The Beauty of Skepticism

The biologist and paleontologist Stephen Jay Gould (1941-2002) was one of the most prolific and widely read authors of popular science in the twentieth-century. (Links to a few of his books can be found below.) In addition to authoring or editing more than twenty books, he penned the foreword to Michael Shermer’s 1997 book, Why People Believe Weird Things: Pseudoscience, Superstition, and Other Confusions of Our Time. That foreword is a clear and concise statement of the value of skepticism.

Gould begins by noting that the intellectual and moral need for skepticism arises because “Our patterns of thought and action lead to destruction and brutality as often as to kindness and enlightenment. In short, humans are capable of heartrending nobility and unspeakable horror. How then to save ourselves from violent crusades, witch trails, inquisitions, enslavement, genocides and holocausts? To do so we need both morality and rationality. For without reason

we will lose out to the frightening forces of irrationality, romanticism, uncompromising “true” belief, and the apparent resulting inevitability of mob action. Reason … is also our potential salvation from the vicious and precipitous mass action that rule by emotionalism always seems to entail. Skepticism is the agent of reason against organized irrationalism–and is therefore one of the keys to human social and civil decency.2

Reason is our most powerful instrument to combat irrationality in all its forms—psychics, young-earth creationists, faith healers, holocaust  and climate change deniers, Ayn Rand cultists, vaccination avoiders and all the other pseudo sciences and superstitions of our time. As Gould says: “Our best weapons come from the arsenals of basic scientific procedures–for nothing can beat the basic experimental technique of the double-blind procedure and the fundamental observational methods of statistical analysis.”3 The application of elementary scientific tools easily defeats almost all modern irrationalism.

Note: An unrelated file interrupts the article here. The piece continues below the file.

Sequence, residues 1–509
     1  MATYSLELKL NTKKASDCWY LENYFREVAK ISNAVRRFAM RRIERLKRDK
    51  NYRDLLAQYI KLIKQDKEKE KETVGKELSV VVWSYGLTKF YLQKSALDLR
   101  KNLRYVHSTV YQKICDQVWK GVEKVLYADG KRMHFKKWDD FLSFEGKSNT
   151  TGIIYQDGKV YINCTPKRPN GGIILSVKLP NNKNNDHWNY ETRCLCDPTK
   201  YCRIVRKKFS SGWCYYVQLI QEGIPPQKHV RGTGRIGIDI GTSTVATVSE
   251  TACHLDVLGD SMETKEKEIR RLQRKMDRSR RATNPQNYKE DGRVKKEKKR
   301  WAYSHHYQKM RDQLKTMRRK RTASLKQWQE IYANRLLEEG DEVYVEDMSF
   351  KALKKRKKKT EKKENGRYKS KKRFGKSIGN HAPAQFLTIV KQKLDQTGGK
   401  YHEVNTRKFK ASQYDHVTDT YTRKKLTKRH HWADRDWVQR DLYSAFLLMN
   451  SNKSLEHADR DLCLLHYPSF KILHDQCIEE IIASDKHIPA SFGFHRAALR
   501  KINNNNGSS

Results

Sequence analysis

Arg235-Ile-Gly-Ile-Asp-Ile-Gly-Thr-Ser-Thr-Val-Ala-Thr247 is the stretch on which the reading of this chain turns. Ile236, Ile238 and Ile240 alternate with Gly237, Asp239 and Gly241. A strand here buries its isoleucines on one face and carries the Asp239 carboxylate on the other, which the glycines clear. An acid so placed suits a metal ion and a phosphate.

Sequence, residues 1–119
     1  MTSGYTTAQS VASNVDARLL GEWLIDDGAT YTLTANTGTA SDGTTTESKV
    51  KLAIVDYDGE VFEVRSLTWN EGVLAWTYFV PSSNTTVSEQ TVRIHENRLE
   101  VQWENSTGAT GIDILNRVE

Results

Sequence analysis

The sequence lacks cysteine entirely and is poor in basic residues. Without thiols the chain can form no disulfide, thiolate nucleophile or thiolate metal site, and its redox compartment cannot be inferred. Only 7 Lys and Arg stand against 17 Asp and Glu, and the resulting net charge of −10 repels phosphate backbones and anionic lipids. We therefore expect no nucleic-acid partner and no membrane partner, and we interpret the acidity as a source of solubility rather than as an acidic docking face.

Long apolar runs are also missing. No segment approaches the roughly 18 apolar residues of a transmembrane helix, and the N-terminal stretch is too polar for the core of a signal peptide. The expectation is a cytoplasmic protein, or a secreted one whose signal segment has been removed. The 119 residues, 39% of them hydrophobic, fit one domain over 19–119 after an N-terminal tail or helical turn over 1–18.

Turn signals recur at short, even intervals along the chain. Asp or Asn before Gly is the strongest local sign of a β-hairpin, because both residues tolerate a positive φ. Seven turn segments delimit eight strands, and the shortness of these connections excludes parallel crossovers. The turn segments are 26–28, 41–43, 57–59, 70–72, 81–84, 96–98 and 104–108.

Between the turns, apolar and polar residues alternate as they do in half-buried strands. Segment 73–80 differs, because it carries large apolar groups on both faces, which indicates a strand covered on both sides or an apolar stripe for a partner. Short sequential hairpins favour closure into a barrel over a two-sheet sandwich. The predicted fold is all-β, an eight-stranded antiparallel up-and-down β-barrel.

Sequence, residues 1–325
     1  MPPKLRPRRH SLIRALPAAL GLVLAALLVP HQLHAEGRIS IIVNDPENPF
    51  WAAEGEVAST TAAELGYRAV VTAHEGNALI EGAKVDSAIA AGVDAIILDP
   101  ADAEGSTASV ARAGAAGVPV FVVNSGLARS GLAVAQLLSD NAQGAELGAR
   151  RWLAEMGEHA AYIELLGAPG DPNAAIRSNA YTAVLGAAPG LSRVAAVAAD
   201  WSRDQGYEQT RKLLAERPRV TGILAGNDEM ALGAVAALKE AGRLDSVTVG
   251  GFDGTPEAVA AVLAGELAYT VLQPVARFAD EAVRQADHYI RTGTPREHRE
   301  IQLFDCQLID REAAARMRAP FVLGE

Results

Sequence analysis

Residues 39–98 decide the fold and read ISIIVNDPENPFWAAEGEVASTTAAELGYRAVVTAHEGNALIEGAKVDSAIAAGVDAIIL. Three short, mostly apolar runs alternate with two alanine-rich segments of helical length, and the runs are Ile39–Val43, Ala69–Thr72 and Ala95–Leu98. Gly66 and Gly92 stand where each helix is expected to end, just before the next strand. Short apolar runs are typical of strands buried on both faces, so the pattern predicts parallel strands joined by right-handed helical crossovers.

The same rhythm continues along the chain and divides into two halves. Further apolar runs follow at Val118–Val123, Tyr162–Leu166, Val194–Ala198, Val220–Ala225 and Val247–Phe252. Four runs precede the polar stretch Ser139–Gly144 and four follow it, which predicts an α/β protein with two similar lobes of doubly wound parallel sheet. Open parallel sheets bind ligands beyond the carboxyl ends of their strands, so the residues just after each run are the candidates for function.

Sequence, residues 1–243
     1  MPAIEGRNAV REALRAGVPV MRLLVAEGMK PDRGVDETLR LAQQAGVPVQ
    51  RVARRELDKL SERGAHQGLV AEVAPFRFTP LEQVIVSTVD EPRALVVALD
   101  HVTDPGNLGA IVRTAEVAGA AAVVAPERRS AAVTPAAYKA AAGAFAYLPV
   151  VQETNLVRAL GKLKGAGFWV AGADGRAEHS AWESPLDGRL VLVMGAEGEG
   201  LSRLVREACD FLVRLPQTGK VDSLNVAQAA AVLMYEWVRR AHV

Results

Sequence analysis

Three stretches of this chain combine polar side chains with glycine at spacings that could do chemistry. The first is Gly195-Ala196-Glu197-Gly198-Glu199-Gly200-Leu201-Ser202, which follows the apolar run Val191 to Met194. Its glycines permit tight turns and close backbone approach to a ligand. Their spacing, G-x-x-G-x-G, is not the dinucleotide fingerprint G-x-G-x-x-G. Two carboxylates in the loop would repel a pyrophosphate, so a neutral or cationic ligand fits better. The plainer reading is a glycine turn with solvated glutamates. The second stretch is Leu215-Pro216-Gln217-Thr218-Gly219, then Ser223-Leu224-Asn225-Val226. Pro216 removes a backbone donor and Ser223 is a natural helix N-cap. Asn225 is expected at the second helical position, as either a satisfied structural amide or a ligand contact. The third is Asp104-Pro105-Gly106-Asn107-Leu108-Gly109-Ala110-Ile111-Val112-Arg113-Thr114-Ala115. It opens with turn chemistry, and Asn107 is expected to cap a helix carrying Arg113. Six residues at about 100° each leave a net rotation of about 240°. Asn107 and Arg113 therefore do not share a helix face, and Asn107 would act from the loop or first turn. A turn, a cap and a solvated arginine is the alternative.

Why then skepticism’s bad reputation? Perhaps because it is thought of as a debunking, nihilistic activity. Skeptics seem to take away the magical and mysterious explanations that we so enjoy. But skepticism does more than debunk—it offers a better, alternative explanation rooted in reason and evidence. As Gould concludes: “The alternative model is rationality itself tied to moral decency—the most powerful joint instrument for good that our planet has ever known.”4

I miss Gould’s voice.

The Mismeasure of Man (Revised & Expanded)


The Structure of Evolutionary Theory


The Book of Life: An Illustrated History of the Evolution of Life on Earth (Second Edition)


Rocks of Ages: Science and Religion in the Fullness of Life


Wonderful Life: The Burgess Shale and the Nature of History

1. Michael Shermer, Why People Believe Weird Things: Pseudoscience, Superstition, and Other Confusions of Our Time, (New York: Henry Holt & Co. 1997) ix.
2. Michael Shermer, Why People Believe Weird Things: Pseudoscience, Superstition, and Other Confusions of Our Time, (New York: Henry Holt & Co. 1997) x.
3. Michael Shermer, Why People Believe Weird Things: Pseudoscience, Superstition, and Other Confusions of Our Time, (New York: Henry Holt & Co. 1997) xi.
4. Michael Shermer, Why People Believe Weird Things: Pseudoscience, Superstition, and Other Confusions of Our Time, (New York: Henry Holt & Co. 1997) xii.

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